1. Well done Mayhem! Another Awesome article, and as always, right
    on point. I believe that 2nd appearances also become the go to, after
    the 1st appearance gets out of reach....Strange Tales 111, Hulk 2 and even
    Brave Bold 29 have all started drifting upward and are more affordable choices.
    Keep up the good work man!! ROCK!!! lk

    1. Yep, it's a natural progression of the comic collector market. Happened with the Golden Age, still happening with the Silver Age and Bronze Age, and moving onto the Copper Age. 1st, 2nd, 3rd, 4th appearances will all be important books and gunned for in the very near future. ROCK ON LK!! Hope all is well over there on the East Coast!

  2. Definitely a good read with many valid points! As far as the modern books go, I do believe that there will be some serious collectibility there but will require a little more umph when compared to gold/silver/bronze keys. I think you'll see books that have major events ie 1st apps, deaths, arcs, etc... and scarce variants become this age's keys. Books like Wolverine Origins 10 and Amazing Spider-man 700 illustrate this pretty well. With that said, variants are currently being done at such a rate that I could very well see the bubble bursting in the next ten years. Books like Death of Wolverine 1 had some pretty significant variants (all the way up to 1:500) which many collectors want pretty bad but shop owners have to purchase a ridiculous amount of product to get just one!!

    1. Heya Jessie, thanks man. Good to hear from ya and thanks for commenting. Always appreciated. I think there's a lot of truth to what you're saying. I can also see variants getting the smack down in the near future.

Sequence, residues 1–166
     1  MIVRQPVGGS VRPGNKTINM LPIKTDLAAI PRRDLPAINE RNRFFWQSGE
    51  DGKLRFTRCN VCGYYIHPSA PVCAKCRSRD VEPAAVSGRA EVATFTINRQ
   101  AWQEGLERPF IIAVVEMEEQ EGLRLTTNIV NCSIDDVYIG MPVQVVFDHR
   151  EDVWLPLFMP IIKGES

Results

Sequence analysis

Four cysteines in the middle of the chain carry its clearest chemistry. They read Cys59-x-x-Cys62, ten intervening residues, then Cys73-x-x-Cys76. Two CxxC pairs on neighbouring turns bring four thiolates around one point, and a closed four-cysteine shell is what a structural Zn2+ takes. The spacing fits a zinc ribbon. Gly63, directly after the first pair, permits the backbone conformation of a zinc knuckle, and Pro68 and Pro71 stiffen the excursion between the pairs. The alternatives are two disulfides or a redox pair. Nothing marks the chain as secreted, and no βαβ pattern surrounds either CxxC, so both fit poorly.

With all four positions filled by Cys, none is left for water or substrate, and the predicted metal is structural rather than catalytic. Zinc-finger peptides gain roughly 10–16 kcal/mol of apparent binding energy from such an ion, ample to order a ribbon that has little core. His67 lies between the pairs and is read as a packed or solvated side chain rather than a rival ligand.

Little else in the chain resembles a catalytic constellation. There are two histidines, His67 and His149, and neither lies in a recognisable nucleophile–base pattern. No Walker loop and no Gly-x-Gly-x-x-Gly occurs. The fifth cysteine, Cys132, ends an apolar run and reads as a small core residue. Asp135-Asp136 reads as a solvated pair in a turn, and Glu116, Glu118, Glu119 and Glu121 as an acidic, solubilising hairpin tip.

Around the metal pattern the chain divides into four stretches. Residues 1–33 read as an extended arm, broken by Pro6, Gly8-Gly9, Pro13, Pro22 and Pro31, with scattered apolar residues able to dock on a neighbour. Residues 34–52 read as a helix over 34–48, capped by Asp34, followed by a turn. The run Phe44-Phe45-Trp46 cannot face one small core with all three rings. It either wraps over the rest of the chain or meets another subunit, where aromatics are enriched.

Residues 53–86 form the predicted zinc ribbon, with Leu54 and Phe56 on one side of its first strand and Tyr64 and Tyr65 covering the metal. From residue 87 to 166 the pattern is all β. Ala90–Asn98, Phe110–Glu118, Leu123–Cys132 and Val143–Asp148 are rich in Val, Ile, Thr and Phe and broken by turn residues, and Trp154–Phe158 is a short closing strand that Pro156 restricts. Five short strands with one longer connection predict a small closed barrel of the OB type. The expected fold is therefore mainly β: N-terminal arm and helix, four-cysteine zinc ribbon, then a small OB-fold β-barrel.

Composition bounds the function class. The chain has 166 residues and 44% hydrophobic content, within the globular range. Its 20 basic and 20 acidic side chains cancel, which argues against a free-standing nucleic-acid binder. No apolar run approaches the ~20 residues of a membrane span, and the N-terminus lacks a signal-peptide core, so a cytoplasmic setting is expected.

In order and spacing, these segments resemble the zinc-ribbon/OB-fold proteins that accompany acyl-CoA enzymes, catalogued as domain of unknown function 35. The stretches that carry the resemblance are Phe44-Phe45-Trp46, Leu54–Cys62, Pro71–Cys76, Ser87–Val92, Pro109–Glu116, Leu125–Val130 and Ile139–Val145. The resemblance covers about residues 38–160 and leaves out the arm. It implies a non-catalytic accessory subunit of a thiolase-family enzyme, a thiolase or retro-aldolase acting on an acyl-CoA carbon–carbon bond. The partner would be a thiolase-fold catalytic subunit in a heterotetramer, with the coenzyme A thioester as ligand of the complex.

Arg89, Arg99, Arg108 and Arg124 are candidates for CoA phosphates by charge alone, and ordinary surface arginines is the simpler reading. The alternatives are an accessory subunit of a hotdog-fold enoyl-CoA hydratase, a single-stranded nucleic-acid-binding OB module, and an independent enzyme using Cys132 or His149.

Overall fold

Modern books should take a while. There's no hurry for those to start hitting ridiculous prices, and I'm starting to see all these new comics barely two years old jumping up drastically as well. I'm gonna assume the new comic speculators are the cause of this, and I agree that those who are emulating the 90s Speculators are gonna get hit in the near future.

      I agree with ya on this point.

  3. Well done TCM! I love reading this stuff. Very informative.

    1. Thanks J Kandefer. I love writing about this stuff. Glad you like it too.

  4. Amazing Article as usual.. Keep up the good work.

    - Sid

    1. I love this site it is very informative and I like to learn all I can about investing in silver age books. And lower grade books are a lot more affordable. One question if you had $200 to spend would you buy ( silver age ) 1 book or 2 $100 books or 4 $50 books? Thanks and please keep the site going......kevin